And Sam Cook, the Essex seamer, pressed his England case when forcing the only win of the season so far, taking 10 for 73 at Trent Bridge. Cook has been a consistent wicket-taker for five years but was particularly pleased to prove himself with a Kookaburra. "When it does get a little soft, it's about using your skills, whether it's a little bit of wobble-seam or reverse-swing," he said.
Seamers across the country will breathe a sigh of relief when they get the Dukes back in their hands on Friday, which will be used for the foreseeable future. This year's trial will see two more rounds played with the Kookaburra in late August and early September, at which point pitches should be drier, firmer, and therefore more receptive to the ball.
Speaking on Monday, England men's managing director Rob Key hailed a "fantastic" first two rounds, not least because it seemingly nullified those seamers who lean heavily on the movement of the Dukes. If it were up to him - rather than the ECB Professional Games' Committee - the red Kookaburra would be the default county ball.
"You see what four-day cricket is meant to be," Key told the Guardian. "I've watched quite a bit this week and seen some bloody good cricket. I would use the Kookaburra all the time. English cricket would be much better off for it.
"The pitches are slow this time of year but watching medium-pacers is a waste of time. Teams need to find quicker bowlers or ones who will force a wicket. You can't just keep running up bowling at 75mph. And in terms of those guys who are not express, you really work out who can bowl. Sam Cook, that was seriously impressive what he did.
"Why do we think in India their batters come into the Test side averaging 70 [in the Ranji Trophy]? Do you think they're playing with a little nibbly Dukes ball where it's doing all sorts? What do we want to be? I want us to be the best team in the world for a generation; this will be one way to do that."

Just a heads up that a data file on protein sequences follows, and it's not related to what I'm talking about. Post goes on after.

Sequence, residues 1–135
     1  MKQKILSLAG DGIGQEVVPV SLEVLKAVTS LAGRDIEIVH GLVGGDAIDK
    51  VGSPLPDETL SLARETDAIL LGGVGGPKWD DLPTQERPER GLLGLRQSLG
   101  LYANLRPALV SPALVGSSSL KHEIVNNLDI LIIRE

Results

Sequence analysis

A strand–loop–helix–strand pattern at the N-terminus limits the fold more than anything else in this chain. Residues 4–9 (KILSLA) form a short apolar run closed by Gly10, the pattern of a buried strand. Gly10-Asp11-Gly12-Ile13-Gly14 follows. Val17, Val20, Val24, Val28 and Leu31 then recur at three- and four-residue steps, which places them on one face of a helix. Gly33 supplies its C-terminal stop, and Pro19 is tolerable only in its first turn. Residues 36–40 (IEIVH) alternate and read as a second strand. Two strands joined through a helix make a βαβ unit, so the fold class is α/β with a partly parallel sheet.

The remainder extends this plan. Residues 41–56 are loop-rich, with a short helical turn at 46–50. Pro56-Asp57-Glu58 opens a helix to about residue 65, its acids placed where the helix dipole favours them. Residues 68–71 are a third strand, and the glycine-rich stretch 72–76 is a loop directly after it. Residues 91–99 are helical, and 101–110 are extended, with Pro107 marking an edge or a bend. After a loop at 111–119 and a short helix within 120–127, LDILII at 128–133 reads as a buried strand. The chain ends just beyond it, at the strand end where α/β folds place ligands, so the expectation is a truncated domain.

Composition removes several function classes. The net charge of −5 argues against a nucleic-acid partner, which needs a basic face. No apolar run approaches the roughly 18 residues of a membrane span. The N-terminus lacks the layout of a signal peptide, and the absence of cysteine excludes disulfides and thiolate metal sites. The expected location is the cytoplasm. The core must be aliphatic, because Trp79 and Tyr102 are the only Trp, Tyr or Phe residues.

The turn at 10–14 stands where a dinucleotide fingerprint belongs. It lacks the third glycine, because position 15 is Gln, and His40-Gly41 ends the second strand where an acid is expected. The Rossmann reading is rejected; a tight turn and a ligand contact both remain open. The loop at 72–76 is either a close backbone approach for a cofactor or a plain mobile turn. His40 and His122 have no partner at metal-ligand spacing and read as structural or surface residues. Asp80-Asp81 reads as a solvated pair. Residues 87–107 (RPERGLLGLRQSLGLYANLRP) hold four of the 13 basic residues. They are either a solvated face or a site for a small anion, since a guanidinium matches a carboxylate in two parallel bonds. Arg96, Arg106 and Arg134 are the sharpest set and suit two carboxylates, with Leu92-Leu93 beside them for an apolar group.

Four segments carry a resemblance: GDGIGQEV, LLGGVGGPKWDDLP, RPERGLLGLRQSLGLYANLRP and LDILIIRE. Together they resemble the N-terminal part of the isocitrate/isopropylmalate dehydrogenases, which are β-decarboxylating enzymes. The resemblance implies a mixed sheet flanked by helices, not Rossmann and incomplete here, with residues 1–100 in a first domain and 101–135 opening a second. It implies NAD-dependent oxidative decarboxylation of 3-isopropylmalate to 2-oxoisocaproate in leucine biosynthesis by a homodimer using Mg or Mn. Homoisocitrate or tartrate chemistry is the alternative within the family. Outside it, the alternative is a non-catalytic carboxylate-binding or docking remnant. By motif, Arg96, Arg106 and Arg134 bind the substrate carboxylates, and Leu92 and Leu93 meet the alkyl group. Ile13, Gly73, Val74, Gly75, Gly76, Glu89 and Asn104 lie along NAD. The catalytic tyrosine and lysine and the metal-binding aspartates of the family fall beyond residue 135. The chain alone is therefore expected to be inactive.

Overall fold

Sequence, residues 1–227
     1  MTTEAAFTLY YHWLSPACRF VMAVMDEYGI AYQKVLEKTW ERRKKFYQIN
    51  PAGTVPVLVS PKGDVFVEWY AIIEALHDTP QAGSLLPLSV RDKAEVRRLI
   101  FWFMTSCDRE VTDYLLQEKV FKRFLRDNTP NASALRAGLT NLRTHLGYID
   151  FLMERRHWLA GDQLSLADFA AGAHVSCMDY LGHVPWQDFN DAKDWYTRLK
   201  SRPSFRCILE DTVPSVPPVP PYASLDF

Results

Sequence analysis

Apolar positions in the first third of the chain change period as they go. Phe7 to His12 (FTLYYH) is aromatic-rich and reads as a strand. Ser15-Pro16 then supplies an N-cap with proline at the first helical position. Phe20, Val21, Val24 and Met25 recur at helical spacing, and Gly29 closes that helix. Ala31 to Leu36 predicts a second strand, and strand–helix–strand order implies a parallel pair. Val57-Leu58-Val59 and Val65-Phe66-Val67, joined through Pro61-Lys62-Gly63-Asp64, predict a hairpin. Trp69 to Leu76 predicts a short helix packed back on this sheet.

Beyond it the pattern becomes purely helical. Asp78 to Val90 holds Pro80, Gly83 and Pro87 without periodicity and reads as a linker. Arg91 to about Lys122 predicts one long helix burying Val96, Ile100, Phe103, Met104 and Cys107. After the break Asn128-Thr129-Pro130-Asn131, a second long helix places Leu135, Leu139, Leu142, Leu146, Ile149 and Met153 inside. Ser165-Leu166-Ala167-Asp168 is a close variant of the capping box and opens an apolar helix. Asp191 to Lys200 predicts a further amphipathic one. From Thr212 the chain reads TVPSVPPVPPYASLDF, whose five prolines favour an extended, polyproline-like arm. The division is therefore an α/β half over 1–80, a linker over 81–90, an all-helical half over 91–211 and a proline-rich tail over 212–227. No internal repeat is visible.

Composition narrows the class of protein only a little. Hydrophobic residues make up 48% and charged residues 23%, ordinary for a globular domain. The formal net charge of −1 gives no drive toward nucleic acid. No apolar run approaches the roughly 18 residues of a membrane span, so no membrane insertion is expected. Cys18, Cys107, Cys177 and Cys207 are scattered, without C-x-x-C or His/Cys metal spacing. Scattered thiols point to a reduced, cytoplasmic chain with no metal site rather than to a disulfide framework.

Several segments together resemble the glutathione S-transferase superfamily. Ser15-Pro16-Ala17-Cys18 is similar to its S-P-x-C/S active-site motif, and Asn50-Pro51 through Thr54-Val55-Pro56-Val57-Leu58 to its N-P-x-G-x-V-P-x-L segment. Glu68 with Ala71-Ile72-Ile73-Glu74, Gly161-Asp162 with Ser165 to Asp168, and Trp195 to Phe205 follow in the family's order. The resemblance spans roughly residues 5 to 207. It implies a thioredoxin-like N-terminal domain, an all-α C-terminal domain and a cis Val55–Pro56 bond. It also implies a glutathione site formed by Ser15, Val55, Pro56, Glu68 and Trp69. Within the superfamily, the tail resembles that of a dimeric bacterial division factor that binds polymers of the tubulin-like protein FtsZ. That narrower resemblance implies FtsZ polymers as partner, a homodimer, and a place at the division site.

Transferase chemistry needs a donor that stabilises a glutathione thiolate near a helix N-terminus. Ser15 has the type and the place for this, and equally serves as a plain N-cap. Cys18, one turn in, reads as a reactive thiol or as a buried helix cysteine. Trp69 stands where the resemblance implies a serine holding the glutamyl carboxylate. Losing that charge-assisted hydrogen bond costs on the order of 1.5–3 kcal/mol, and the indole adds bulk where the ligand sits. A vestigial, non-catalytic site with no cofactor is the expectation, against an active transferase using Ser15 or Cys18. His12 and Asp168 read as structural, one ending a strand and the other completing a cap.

Key's words might seem harsh, but they tally with his view on county cricket before the success of England men's teams - particularly overseas, and especially the Ashes in Australia - fell under his brief. As he described in his autobiography, Oi, Key: "County cricket exists only because of the money from Test cricket, the England Test team only because of the Championship conveyor belt. They are the ultimate odd couple: worlds apart, but unable to get divorced because they are so utterly reliant on one another."
Ultimately, the debate over the ball boils down to a fundamental question: what is the purpose of the County Championship? It has two main functions: to help develop English cricketers who go onto play internationally; and as a sporting competition in its own right, which still attracts interest both at home and overseas and which every male professional in the country would love to win.
If using the Kookaburra emboldens counties to bowl their spinners and throws up a contender for England selection, like Cook, does that outweigh the drawbacks of a single result in 16 matches (with two complete abandonments) and some dreary cricket played in front of sparse crowds? That is the question that Key and the ECB must weigh up when they decide whether this experiment should continue.

Vithushan Ehantharajah is an associate editor at ESPNcricinfo; Matt Roller is an assistant editor